Adrenaline surged through Missouri walk-on running back Dawson Downing’s veins as the Black & Gold Spring Game kicked off Saturday at Memorial Stadium.
A few hours earlier, Tigers running backs coach Cornell Ford told Downing — a Bishop Miege graduate who scored 42 touchdowns as a senior for the state champion Stags — that he would get the starting nod for the intrasquad scrimmage, which drew an estimated crowd of 16,457 on an idyllic mid-Missouri afternoon.
It took Downing 4 minutes to find the end zone, capping a game-opening 75-yard drive with a 2-yard touchdown burst.
“I didn’t really know until today I’d be starting, but I knew (senior) Ish (Witter) and (sophomore) Damarea (Crockett) weren’t playing, so I knew I’d get quite a bit of time,” said Downing, who finished with nine carries for 47 yards. “It was a great feeling being the first one out on the field to start the game … so I was pumped and ready to go.”
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The whole offense was.
Missouri’s gold-clad offense — which would have had Witter and Crockett for a regular-season game, second-year coach Barry Odom said — notched a second straight touchdown against the black-clad defense when sophomore Jack Lowary led the second unit to another 75-yard scoring drive.
Lowary burned junior Finis Stribling IV and sophomore safety Ronnell Perkins for a 42-yard bomb to junior Emanuel Hall down the visiting-team sideline for a 14-0 lead.
“It’s a good feeling when you come out, make plays, and score on your drive,” senior wide receiver J’Mon Moore said. “That helps your offense get some confidence.”
Pride kicked in after that and the Tigers’ defense, which was forced to use a patchwork front four because of injuries and attrition, allowed one field goal on the next seven drives before pitching a second-half shutout.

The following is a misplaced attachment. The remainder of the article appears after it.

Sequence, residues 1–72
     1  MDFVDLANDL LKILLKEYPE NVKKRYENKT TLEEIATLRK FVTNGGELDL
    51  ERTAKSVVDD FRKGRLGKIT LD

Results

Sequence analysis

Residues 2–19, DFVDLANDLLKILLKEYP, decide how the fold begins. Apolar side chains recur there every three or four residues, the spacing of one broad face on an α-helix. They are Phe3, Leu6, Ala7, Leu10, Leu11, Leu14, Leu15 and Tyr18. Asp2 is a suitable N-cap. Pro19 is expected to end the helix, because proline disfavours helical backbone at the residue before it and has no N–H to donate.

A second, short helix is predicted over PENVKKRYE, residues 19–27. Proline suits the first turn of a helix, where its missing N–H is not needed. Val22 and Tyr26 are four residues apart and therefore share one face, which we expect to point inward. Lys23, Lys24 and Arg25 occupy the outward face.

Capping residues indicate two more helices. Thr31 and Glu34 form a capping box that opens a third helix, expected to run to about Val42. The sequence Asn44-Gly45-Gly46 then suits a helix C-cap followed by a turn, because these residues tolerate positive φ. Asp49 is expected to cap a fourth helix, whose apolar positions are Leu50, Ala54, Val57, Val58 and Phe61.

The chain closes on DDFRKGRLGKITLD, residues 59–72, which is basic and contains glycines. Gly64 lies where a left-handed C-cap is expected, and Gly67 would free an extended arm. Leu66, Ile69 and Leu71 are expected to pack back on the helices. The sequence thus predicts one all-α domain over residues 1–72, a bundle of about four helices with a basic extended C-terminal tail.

“The offense came out ready and beat us at the beginning, so you’ve got to give them props,” said junior safety Kaleb Prewett, a Kansas State transfer and Blue Springs graduate. “They’re a helluva offense with a lot of good players.”
Prewett helped turn the tide and finished with a game-high six tackles — all solo, including one for a loss — and one pass breakup.
Perkins, sophomore linebacker T.J. Warren and junior defensive tackle Rashad Brandon all added five tackles, including one apiece for a loss.
The Tigers were thin along the defensive line entering the scrimmage, especially after Spencer Williams transferred and senior defensive end Marcell Frazier suffered a broken arm during the last week.
Mizzou already was short two defensive tackles, with junior Terry Beckner Jr. and sophomore Markell Utsey still rehabbing after knee surgery.
“We did pretty good,” senior defensive end Jordan Harold, who started with the first-string defense, said of the front four’s performance. “We came out kind of slow, but we definitely progressed throughout the game. … It’s tough with all the injuries and stuff, but I think like we held up pretty good.”
Sophomore Tucker McCann delivered a 47-yard field goal in the second quarter off a drive engineered by redshirt freshman Micah Wilson, who finished 7 of 15 for 68 yards with no touchdowns and an interception.
The game’s only other points came on the final play of the first half.
Lowary, who finished 7 of 11 for 113 yards with two touchdowns and one interception, lobbed another long TD pass to Hall, picking on Stribling again for a 38-yard score.
The defense got revenge in the second half when junior linebacker Grant Jones picked off Wilson and Perkins victimized Lowary for the game’s only turnovers.
Mizzou’s defense also tallied five sacks, three of Wilson and two of Lowary, led by junior defensive end Nate Howard’s two-sack performance.
“The ones … only got scored on once and that was the first drive,” said senior safety Anthony Sherrils, who finished with three tackles. “After that, we buckled down. We were as sound as we could be. One touchdown is good, talking about our offense that puts up a lot of points and runs spread.”
Junior starting quarterback Drew Lock finished 8 of 14 for 63 yards. He didn’t throw a touchdown pass, but he also didn’t throw an interception and wasn’t sacked.
“I was frustrated,” Lock said. “The ball’s in my hands every play. I’ve got to be able to do something about it. I didn’t make the best decisions on a couple of our quick-game routes. I wasn’t me today and that wasn’t how I normally do and how I wanted to come out and play. That’s not what I was doing all spring, but I’m going to fix it and wipe that away.”